Every organization aims to:
But few manage to successfully do all three.
One obstacle is feedback - giving teams effective feedback on their work.
Team leaders that give frequent and effective feedback increase efficiency, productivity, and team harmony. It presents a clear expectation of performance.
After all, teams whose leaders frequently communicate with them are nearly 3x more engaged than those with leaders who don’t communicate as frequently.
However, giving feedback does not translate into barking orders on your team members and telling them their work is terrible. Forget team harmony, if this is how you start giving out feedback, you’d hardly have a team left to manage.
Effective feedback is an art that team leaders need to master. And that is exactly what we’ll discuss in this article today.
First things first, does effective feedback really improve team performance? Do we have numbers to back this claim?
Effective feedback equals more engaged, productive, and happier employees. It helps employees grow and improve.
According to Harvard Business Review, happier employees have an average of 31% higher productivity and 37% higher sales.
A Gallup study found that those answer yes to, “In the last seven days, I have received recognition or praise for doing good work” is responsible for a 10% to 20% difference in revenue and productivity.
And that’s not all.
69% of employees say they would work harder if they felt their efforts were being better recognized, while 78% employees said being recognized motivates them in their job.
Happier team members also save organizations a lot of dollar bills.
The American Psychological Association estimates that more than $500 billion is lost every year due to workplace stress.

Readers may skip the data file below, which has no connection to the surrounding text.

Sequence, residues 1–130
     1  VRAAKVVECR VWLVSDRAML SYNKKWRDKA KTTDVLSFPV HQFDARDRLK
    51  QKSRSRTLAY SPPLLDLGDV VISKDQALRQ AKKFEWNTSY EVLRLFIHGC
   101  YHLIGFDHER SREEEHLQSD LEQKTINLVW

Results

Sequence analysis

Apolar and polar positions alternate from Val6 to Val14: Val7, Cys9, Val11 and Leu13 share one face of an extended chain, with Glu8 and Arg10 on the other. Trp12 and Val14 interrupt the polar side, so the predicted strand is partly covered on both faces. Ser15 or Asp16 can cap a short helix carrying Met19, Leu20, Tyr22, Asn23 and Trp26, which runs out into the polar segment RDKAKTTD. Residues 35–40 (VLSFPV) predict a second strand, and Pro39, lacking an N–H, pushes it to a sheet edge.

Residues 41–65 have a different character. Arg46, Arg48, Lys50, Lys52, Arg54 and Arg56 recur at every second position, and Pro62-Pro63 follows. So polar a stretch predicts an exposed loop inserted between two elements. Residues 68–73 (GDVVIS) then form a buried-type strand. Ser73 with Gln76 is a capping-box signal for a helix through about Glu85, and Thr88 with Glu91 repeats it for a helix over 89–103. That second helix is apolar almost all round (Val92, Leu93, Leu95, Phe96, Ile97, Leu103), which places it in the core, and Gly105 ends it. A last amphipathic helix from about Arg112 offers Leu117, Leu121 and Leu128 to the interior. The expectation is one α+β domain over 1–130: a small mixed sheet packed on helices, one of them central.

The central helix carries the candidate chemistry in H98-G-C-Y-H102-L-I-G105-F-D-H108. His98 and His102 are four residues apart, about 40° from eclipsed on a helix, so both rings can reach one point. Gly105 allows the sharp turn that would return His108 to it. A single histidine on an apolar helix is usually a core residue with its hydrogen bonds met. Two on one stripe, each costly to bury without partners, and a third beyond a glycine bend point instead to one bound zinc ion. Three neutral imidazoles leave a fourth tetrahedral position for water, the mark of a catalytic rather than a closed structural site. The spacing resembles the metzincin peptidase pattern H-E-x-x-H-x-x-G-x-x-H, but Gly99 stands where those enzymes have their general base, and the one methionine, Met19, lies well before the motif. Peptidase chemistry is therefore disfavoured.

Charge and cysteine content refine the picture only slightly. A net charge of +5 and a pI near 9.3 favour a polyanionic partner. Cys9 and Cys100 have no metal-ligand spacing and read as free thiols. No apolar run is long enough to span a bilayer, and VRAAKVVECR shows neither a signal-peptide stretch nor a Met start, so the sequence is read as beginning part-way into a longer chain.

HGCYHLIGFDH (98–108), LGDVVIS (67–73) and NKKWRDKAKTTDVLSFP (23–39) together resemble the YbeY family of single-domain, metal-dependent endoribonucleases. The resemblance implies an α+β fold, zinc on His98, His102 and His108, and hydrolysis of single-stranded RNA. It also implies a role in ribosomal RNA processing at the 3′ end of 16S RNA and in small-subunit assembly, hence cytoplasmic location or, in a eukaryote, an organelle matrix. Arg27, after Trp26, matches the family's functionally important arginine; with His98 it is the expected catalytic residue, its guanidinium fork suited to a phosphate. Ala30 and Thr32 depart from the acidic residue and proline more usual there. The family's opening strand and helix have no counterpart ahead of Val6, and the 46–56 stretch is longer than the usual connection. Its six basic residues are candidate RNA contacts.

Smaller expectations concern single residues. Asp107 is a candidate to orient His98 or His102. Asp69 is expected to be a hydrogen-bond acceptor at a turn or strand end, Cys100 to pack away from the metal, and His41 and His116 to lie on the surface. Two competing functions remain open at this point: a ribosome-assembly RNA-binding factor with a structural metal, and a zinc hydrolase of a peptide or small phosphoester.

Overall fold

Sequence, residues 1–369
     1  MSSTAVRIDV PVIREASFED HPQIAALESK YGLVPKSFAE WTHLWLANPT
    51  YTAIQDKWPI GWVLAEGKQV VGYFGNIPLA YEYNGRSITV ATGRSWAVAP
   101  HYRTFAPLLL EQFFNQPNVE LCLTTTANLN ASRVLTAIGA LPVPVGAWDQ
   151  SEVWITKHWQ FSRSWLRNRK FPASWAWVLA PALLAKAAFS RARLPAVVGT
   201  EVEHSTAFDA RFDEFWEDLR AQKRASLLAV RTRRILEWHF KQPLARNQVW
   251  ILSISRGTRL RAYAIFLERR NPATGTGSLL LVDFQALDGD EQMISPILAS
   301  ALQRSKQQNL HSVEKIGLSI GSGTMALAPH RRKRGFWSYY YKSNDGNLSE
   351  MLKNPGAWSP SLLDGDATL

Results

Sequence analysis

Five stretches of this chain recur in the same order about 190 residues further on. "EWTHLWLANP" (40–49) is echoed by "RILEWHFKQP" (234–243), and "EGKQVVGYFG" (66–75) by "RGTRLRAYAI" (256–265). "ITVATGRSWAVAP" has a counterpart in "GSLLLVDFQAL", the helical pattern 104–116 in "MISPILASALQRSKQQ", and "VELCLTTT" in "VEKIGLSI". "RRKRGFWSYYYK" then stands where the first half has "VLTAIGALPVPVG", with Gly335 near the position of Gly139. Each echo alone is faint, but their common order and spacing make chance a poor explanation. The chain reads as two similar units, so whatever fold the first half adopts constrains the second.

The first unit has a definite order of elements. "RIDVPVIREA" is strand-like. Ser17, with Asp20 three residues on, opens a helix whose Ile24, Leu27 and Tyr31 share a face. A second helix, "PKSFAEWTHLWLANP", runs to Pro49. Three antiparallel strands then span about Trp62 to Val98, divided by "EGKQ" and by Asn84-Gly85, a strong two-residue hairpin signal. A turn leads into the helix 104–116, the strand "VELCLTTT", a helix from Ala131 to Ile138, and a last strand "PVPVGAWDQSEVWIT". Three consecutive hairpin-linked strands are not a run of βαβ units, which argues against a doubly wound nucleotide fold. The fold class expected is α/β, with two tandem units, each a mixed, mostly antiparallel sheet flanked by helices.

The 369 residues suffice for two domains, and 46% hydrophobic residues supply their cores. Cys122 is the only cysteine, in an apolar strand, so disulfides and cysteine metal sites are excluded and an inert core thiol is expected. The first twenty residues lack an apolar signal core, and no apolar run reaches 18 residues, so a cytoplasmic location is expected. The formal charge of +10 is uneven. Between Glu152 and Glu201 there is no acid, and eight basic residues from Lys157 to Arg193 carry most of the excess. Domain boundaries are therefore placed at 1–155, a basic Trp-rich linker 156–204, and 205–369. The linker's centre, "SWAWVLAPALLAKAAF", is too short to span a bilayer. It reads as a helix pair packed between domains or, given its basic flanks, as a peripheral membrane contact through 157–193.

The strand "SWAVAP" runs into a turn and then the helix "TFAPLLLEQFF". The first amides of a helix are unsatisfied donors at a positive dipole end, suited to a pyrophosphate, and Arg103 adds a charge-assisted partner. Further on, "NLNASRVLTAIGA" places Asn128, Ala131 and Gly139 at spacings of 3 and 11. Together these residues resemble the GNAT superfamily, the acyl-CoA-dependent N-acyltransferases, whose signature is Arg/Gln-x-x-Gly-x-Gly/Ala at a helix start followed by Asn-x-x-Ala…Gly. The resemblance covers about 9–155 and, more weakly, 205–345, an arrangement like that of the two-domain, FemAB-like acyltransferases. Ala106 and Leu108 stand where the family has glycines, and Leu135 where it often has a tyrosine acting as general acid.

Strong emotions, harsh words, expectations not set properly - tearing down your employees efforts is not the best way to manage teams. It is the epitome of ineffective feedback.
And as a team leader you need to learn the art of effective feedback if you want your team to succeed.
Effective feedback has 7 essential qualities:
As a team leader, you should schedule team performance reviews every month.
Effective feedback is one which relates to a specific goal. It needs to be concrete.
Team should receive feedback from you as close to the event as possible. No point giving them feedback months after a botched client meeting.
Personal digs are a big no-no. Team members are more receptive to feedback that focuses on their behavior, not their personality or personal characteristics.
As Leo Babauta rightly says, “Never criticize the person. Always criticize the actions.”
Understand that you can’t change what happened in the past. You can only better what happens in future. So make sure your feedback focuses on the actions your employees and team can take in future.
For your feedback to be effective you need to ensure your team has a goal, receives information related to the goal, and takes action to achieve it. Your feedback should be actionable in order to be effective.
Allow your team to participate in the feedback process and let them voice their concerns and reasons. Encourage them to share their personal problems, their feelings, and recognize their shortcomings related to the project you’re working on.
Uncomfortable annual meetings, or a quick discussion at the watercooler?
Which one do you prefer?
While most prefer to receive the latter type of feedback, team leaders need to be well versed in all the different types of employee feedback techniques to ensure they’re giving effective feedback.
So what are the different types of employee feedback?
Surveys. One on one talks between team members and managers. Scheduled and structured meetings to discuss team performance. Annual performance reviews. And so on.
Formal feedback is feedback given in a formal review setting through any of the above mentioned means.
Informal feedback, on the other hand, is often given in-the-moment.
So, for example, taking a quick coffee or lunch break with a team member and discussing the fine points of that day’s meeting. Or popping by a team member’s desk and talking to them. Or gathering the team around at the watercooler and having a quick discussion with them.